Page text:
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Bacterial canker of cherry

The disease

Bacterial canker is one of the most important diseases of cherry (Prunus avium L.). It is a major limitation for timber production from wild cherry and can limit the production of sweet cherry. It can also attack other Prunus species including plum (Prunus domestica).

Symptoms include cankers on twigs, branches and/or trunk, gum exudation, dieback and leaf spots.

Symptoms of bacterial canker in young cherry tree
Leaf spots caused by Psm on wild cherry
Psm isolate on KB medium
Pss isolate on KB medium


This disease can be caused by two pathovars of Pseudomonas syringae: pv. morsprunorum (Psm) and pv. syringae (Pss). Initial studies on sweet cherry attributed the disease mainly to Psm in the UK and to Psm and Pss in other countries; more recently Pss and/or intermediate forms between Psm and Pss were also found in sweet and wild cherry in the UK. We have carried out a survey of woodland plantations and nurseries in 2000/01 (Vicente et al. 2004. Eu J Plant Pathol. 110: 337-351).

Fluorescent and non fluorescent Pseudomonas

Discrimination of P. syringae isolates from cherry

The studies carried out at HRI were funded by Defra.

A collection of isolates from sweet and wild cherry was characterised by

  • physiological and biochemical tests
  • serological tests including agglutination and indirect-ELISA with polyclonal antisera
  • pathogenicity tests using micropropagated plantlets of cherry and lilac
  • rep-PCR fingerprinting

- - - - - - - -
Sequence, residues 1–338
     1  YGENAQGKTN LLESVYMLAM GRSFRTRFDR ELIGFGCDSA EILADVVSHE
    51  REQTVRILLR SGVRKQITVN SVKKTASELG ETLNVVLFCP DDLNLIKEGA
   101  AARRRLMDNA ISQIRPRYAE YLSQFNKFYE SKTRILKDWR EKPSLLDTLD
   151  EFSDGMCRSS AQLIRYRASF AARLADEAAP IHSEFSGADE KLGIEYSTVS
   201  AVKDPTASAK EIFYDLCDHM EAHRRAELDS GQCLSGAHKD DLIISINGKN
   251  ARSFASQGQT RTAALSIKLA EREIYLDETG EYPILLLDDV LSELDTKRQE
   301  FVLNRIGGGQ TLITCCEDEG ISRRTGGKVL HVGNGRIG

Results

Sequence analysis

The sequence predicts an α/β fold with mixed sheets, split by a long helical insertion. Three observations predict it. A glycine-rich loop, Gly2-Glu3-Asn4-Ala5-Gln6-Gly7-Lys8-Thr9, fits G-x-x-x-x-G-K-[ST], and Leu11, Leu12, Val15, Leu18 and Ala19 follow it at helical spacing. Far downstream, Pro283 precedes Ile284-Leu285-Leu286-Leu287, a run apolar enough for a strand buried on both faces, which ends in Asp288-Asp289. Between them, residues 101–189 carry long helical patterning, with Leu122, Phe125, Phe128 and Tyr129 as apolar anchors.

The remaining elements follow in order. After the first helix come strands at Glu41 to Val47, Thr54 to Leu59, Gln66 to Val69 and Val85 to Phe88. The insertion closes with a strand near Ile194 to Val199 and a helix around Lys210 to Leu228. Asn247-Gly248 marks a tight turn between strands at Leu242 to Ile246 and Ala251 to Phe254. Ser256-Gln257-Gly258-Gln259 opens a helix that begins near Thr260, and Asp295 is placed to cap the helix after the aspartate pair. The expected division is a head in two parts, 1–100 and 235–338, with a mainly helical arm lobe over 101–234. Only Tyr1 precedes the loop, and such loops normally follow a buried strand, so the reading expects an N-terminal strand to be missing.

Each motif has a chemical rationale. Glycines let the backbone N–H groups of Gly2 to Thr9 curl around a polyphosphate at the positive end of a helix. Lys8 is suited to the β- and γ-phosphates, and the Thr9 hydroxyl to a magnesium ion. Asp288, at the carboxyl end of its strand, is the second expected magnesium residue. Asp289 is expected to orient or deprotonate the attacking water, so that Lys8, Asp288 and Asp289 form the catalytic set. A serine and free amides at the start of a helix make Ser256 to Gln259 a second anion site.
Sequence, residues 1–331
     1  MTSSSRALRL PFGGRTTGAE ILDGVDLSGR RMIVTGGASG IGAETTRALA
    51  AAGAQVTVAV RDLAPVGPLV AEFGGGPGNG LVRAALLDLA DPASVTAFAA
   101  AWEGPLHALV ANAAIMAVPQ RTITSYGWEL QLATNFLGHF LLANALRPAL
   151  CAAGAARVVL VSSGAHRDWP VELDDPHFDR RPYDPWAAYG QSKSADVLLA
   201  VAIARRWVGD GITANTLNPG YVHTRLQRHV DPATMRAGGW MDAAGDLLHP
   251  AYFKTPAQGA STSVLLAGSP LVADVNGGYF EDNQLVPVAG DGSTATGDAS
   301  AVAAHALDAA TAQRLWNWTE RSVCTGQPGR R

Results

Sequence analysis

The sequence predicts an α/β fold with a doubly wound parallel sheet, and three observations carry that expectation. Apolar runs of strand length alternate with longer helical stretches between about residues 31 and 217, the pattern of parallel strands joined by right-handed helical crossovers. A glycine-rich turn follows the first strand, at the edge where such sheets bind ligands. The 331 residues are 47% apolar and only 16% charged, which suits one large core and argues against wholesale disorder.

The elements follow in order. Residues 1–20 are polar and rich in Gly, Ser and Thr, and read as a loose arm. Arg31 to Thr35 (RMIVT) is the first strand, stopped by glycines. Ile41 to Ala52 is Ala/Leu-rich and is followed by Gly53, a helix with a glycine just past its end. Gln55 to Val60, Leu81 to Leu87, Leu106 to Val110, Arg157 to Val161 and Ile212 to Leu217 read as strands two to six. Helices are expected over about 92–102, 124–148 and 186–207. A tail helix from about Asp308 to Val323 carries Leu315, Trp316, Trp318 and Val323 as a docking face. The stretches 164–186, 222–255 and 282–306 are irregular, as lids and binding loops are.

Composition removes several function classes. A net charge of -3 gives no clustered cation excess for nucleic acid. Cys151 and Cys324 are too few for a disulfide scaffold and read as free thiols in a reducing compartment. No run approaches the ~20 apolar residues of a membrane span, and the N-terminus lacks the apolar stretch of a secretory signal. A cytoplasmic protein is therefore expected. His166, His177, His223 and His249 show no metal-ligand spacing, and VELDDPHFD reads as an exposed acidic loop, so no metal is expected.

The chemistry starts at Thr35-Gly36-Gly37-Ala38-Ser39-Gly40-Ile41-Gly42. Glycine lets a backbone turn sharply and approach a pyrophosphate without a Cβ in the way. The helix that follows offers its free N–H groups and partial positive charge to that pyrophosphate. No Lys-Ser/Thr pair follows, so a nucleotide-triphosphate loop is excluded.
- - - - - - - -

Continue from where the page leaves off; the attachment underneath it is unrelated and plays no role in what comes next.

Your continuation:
Physiological and biochemical tests can discriminate Psm races 1 and 2 from other P. syringae isolates. Agglutination and indirect-ELISA showed that Psm race 1 and race 2 are very uniform, but indicated a high variability amongst other P. syringae isolates (Vicente et al. 2004. Eu J Plant Pathol. 110: 337-351). The results of rep-PCR also showed that the Pss isolates are highly variable and the Psm isolates are generally very uniform within each race (Vicente and Roberts. 2007. Eu J Plant Pathol. 117: 383-392).

Pathogenicity tests are still necessary to discriminate the pathogenic Pss isolates.

Download handout of a poster and abstract presented at the 11th International Conference on Plant Pathogenic Bacteria, Edinburgh, Scotland 11-14 July 2006.

We have collaborated with NIAB EM (East Malling), the University of Reading and Imperial College, to compare whole genome sequences of representative strains of Pss, Psm and non-pathogenic Pseudomonas strains from cherry. This work has been published in Hulin et al. (2018) New Phytologist. doi: 10.1111/nph.15182

For more information, please contact Joana G. Vicente.